Investments may also be measured in accordance with the alternative accounting rules, which involve taking revaluation surpluses to a revaluation reserve and not through the profit and loss.
The Accounting Regulations also allows investments, and other financial instruments including derivatives, to be carried at fair value with changes in value going through the profit and loss account. However, entities taking this option were required to apply FRS 26.
Some complex financial instruments, like derivatives, were not recognised under old UK GAAP if an entity was not applying FRS 26 but were only required to be disclosed in certain circumstances.
FRS 102 includes separate accounting requirements, outlined in two different sections of the standard, for ‘basic’ and ‘other’, more complex, financial instruments and transactions. The requirements for basic financial assets and liabilities are relevant to all entities. If an entity only enters into basic financial instrument transactions it will not need to apply the section of the standard that deals with more complex financial instruments.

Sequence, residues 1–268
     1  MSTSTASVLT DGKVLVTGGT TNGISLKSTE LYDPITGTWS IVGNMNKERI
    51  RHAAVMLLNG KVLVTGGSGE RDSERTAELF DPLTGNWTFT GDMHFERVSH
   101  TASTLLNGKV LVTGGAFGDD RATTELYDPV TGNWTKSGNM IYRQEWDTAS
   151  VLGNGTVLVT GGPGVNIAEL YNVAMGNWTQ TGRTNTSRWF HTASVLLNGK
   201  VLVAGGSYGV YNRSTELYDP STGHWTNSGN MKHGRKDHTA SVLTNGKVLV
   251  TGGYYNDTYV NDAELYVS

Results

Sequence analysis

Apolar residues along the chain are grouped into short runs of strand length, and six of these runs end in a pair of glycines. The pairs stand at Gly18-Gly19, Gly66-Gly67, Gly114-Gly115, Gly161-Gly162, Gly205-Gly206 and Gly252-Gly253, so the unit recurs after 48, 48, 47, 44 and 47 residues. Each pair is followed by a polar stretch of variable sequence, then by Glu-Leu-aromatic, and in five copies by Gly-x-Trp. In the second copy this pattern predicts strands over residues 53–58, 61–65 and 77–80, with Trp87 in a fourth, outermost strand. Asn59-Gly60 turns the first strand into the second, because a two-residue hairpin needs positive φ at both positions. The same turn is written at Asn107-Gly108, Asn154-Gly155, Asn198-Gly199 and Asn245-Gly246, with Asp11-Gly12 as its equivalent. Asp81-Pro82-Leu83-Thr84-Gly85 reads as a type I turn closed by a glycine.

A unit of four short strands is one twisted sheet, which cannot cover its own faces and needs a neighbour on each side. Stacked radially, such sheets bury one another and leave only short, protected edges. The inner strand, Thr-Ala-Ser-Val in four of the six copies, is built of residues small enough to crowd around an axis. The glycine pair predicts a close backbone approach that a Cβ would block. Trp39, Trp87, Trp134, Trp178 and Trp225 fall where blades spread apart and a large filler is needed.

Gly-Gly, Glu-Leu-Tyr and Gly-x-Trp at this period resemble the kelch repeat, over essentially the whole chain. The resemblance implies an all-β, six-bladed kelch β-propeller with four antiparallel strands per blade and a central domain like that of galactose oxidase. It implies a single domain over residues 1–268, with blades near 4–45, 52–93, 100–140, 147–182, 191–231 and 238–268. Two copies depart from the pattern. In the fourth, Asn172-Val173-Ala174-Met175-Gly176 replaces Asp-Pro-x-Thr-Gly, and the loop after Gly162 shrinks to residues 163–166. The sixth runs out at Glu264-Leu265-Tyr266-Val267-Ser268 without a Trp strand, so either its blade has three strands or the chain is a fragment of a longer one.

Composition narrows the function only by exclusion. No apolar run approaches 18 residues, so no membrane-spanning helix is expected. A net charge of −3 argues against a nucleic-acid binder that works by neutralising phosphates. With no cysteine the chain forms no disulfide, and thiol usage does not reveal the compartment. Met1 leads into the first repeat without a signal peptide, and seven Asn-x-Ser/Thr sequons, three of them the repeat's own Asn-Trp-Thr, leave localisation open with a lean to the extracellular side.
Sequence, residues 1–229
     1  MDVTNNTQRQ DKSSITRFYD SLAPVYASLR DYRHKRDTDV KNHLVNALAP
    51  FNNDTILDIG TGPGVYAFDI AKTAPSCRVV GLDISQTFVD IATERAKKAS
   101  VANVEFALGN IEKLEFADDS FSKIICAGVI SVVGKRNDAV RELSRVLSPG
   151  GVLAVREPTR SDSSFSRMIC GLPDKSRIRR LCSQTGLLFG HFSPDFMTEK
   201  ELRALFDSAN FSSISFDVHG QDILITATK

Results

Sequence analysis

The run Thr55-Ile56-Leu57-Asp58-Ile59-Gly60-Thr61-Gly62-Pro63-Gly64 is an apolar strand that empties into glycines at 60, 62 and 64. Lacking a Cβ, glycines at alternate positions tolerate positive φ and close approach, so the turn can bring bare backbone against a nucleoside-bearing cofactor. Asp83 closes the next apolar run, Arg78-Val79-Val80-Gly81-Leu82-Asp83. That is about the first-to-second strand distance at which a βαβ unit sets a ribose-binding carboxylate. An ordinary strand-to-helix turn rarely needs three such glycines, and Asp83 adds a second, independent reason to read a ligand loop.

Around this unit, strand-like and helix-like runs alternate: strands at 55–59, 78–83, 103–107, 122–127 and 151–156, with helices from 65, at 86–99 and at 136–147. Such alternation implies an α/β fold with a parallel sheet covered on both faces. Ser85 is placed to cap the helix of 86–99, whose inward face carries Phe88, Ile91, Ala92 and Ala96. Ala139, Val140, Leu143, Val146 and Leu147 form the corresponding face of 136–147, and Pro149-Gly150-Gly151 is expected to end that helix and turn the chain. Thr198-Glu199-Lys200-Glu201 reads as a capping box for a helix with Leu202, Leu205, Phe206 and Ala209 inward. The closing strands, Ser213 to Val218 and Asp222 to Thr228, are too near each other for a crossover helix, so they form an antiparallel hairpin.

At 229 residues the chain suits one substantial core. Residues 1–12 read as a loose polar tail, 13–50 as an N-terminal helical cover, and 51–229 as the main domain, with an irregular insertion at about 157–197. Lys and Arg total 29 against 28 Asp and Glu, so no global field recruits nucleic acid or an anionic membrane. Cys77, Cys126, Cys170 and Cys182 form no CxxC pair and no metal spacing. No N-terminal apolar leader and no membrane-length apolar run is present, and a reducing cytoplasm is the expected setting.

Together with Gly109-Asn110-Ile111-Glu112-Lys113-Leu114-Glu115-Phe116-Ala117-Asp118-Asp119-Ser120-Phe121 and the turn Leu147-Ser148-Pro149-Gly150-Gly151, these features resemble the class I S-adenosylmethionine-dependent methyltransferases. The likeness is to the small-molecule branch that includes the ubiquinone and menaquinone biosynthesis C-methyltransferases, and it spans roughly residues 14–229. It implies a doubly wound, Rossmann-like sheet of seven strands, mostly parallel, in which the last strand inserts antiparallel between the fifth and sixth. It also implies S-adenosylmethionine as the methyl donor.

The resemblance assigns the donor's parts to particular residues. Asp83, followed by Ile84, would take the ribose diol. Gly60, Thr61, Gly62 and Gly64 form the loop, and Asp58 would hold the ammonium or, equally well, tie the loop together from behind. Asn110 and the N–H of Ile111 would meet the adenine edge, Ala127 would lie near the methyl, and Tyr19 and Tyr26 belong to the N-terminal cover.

FRS 102 also allows an entity to apply the recognition and measurement provisions of IAS 39 or IFRS 9 to all its financial instruments rather than the corresponding provisions in the standard.
Basic financial instruments normally include:
1. at fair value with changes recognised in profit or loss if the shares are publicly traded or their fair value can otherwise be measured reliably,or;
Financial assets that are measured at cost or amortised cost shall be assessed for impairment at the end of each reporting period.
Other complex financial instruments are required to be measured at fair value with changes in fair value recognised in profit or loss except for: